The key to long-lasting hydration is working fast: You have about a five-minute window post-shower to slap on moisturizer before your skin starts to lose moisture. Keeping the bathroom door closed—to maintain humidity—gently pat away excess drops, then immediately smooth on product while skin is still slightly damp. "This traps moisture from your shower and any humectants in your moisturizer, and helps it spread better, too," explains Dr. Jegasothy.
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Scrub smarter, not harder
There are many ways to get a smooth, radiant complexion, but scraping your face with harsh fruit pits and other abrasives shouldn't be among them. Pick a scrub made with mild fruit or vegetable enzymes, since they dissolve and buff away buildup gently. Not all enzymes are the same, notes Dr. Jegasothy: "Enzymes in summer vegetables, like cucumber and papaya, are great for summer, but for winter, stick with those found in milder winter root vegetables, like pumpkin or squash." Peter Thomas Roth Pumpkin Enzyme Mask ($58; sephora.com) is a good one to reach for in the colder months.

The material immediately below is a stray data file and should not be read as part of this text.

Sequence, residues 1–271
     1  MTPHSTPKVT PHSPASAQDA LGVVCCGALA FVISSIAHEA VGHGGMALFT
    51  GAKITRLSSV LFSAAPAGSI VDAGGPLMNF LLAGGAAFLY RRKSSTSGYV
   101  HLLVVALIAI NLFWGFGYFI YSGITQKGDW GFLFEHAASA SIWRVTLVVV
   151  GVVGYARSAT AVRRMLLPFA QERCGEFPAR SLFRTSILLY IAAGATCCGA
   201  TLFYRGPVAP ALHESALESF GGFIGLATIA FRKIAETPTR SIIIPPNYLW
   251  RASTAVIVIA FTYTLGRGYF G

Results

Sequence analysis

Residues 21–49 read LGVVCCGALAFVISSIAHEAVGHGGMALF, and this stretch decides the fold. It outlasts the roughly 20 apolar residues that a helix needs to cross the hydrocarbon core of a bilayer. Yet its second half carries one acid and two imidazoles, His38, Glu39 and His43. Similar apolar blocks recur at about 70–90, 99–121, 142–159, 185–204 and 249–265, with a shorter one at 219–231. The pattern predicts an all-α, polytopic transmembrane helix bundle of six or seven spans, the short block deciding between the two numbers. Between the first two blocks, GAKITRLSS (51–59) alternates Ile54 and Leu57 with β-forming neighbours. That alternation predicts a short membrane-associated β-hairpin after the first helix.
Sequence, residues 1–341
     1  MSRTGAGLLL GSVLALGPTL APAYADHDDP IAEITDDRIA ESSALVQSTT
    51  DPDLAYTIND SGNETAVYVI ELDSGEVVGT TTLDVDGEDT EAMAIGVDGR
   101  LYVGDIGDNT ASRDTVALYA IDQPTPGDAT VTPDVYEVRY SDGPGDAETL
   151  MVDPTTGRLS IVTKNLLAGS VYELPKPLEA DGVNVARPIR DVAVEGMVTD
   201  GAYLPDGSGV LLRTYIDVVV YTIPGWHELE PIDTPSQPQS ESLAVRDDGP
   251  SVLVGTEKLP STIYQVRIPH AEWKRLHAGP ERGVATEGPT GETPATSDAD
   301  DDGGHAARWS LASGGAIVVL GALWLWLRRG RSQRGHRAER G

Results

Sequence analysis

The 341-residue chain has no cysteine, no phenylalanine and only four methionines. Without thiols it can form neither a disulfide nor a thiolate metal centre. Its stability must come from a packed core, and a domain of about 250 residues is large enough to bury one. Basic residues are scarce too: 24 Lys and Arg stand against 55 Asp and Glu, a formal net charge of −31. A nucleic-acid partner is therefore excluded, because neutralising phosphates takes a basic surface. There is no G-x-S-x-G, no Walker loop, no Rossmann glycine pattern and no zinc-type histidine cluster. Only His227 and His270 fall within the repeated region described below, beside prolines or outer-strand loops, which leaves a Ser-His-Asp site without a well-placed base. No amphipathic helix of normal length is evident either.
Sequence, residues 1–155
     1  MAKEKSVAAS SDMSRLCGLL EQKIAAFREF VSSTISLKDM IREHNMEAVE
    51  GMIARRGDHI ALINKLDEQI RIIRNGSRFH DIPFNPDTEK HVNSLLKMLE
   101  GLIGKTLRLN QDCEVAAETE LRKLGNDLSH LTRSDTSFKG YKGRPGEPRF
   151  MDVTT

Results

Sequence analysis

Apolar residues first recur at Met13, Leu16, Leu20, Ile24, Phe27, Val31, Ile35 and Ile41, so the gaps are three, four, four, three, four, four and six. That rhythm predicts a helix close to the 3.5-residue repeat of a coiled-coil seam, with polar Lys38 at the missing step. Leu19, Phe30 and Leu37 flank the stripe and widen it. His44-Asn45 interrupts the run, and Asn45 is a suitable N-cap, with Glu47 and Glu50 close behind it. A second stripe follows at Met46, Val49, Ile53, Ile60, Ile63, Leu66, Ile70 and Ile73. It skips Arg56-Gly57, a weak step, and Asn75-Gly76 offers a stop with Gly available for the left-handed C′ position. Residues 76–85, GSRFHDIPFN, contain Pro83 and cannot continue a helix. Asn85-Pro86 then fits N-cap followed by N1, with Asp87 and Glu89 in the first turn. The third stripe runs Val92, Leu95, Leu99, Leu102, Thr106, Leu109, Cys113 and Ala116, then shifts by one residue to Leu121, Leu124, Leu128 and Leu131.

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Don’t go overboard
If you skip exfoliating, dead skin cells pile up, leaving your face dull and scaly and preventing your moisturizer from penetrating properly. But if you OD on it, your complexion can get red, irritated, and drier (yes, really). So how do you know whether you're exfoliating too often? "If your face stings or burns after you put on your moisturizer, you need to dial down the frequency," says Dr. Bowe. That means once or twice a week, tops—even gentle formulas can backfire if you use them too much.